In addition to adopting 48V electrification, Audi is pushing automation in its latest vehicle launch. The A8 features what is claimed to be the first Level 3 automated system. The Traffic Jam Pilot can provide fully automated driving at speeds up to 37 mph in heavy traffic on divided highways. It utilizes radar, camera, ultrasonic sensors, and the first production lidar scanner in an automotive application. Like Cadillac’s upcoming SuperCruise system, the Traffic Jam Pilot is designed as a hands-off system and features a driver monitoring system to ensure the driver is ready to take over if needed. If the driver falls asleep or appears tired, the system will provide alerts. If the driver doesn’t respond, the car will automatically pull over and stop. The system only works in traffic; as soon as things clear up or speed rises, it returns control to the driver.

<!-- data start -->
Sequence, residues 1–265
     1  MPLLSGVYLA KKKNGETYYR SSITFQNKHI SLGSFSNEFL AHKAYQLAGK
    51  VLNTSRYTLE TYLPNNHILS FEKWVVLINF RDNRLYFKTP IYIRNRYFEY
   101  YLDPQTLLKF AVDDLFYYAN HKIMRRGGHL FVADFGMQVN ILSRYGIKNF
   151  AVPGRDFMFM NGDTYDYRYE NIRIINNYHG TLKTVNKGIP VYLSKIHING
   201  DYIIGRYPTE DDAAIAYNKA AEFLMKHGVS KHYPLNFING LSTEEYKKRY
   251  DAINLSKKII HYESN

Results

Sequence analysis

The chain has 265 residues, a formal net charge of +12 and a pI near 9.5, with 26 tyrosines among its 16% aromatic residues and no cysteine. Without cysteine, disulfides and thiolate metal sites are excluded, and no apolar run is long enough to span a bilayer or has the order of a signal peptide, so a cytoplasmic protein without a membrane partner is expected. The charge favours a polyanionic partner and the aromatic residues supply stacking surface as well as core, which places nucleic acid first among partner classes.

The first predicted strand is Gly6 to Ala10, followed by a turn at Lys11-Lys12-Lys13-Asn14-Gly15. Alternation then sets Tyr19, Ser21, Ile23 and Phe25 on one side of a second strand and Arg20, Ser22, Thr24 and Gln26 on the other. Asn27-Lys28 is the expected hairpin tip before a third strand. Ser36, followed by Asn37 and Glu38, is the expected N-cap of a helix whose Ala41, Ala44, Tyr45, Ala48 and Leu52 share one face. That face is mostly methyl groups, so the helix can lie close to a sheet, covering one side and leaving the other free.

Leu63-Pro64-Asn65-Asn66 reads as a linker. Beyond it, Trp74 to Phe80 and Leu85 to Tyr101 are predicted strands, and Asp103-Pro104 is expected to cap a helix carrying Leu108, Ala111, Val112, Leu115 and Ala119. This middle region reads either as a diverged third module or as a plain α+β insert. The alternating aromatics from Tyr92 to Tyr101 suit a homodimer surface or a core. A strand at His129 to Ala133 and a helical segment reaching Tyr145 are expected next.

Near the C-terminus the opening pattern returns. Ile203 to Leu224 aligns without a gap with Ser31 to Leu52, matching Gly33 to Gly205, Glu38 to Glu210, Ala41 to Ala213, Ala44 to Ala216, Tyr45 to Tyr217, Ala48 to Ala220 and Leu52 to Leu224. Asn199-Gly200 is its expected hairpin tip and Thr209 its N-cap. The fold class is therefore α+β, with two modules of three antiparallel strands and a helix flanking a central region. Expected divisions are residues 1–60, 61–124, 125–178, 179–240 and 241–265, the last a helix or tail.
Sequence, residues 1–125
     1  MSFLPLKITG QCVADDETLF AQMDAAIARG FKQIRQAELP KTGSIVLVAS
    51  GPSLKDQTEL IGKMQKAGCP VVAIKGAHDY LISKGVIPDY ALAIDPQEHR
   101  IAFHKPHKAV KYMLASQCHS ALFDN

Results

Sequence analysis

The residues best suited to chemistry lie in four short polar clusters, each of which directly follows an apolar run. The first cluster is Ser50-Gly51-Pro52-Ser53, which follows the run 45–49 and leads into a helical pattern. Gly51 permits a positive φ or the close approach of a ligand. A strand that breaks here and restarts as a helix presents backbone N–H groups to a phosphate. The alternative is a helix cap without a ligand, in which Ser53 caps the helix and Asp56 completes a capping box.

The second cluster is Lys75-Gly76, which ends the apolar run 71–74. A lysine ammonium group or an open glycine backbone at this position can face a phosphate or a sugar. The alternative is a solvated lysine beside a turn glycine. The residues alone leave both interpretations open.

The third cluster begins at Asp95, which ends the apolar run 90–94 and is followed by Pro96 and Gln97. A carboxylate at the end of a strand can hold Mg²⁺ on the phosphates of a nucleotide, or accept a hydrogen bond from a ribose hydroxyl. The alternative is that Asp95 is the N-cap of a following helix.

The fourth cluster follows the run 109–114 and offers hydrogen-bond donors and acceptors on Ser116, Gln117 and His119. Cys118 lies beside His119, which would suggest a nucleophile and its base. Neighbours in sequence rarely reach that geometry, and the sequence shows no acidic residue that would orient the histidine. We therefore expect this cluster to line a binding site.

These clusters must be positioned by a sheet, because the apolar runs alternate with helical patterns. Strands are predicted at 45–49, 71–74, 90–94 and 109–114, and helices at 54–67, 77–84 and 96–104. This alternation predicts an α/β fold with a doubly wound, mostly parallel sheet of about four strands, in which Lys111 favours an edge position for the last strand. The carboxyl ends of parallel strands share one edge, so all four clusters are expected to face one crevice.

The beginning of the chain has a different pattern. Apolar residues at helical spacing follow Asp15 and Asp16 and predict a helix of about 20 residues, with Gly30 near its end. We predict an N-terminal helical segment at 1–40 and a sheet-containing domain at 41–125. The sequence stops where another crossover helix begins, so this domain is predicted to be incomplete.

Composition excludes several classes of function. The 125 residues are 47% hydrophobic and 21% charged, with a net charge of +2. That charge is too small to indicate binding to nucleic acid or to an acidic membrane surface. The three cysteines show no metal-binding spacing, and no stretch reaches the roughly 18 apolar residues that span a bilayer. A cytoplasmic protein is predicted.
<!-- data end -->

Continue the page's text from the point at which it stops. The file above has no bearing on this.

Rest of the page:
Increasing levels of driving automation and electrification are coming to market quickly, and the new Audi A8 is another step in that direction.

 

Volvo Adds Electrons Across the Board

— July 6, 2017

Volvo Cars isn’t the biggest player in the premium automotive landscape, but it seems to be one of the smartest in the years since being acquired by China’s Geely Group. Sweden’s sole surviving volume automaker has moved aggressively to reinforce its safety-oriented heritage with the development of automated vehicles. And the company just made the news, as CEO Hakan Samuelsson announced that the brand was going “all electric” from 2019.

Read Past the Headline